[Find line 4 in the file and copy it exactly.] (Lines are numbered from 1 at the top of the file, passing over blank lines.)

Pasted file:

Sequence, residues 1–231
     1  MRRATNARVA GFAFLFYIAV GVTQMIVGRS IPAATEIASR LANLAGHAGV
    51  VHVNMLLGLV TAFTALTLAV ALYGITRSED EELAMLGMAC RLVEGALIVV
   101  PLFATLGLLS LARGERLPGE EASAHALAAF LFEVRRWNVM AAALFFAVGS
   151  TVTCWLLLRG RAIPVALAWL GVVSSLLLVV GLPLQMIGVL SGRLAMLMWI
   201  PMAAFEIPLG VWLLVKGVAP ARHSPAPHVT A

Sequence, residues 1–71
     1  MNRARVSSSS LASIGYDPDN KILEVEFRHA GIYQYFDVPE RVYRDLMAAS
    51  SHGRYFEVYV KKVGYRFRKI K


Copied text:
   101  PLFATLGLLS LARGERLPGE EASAHALAAF LFEVRRWNVM AAALFFAVGS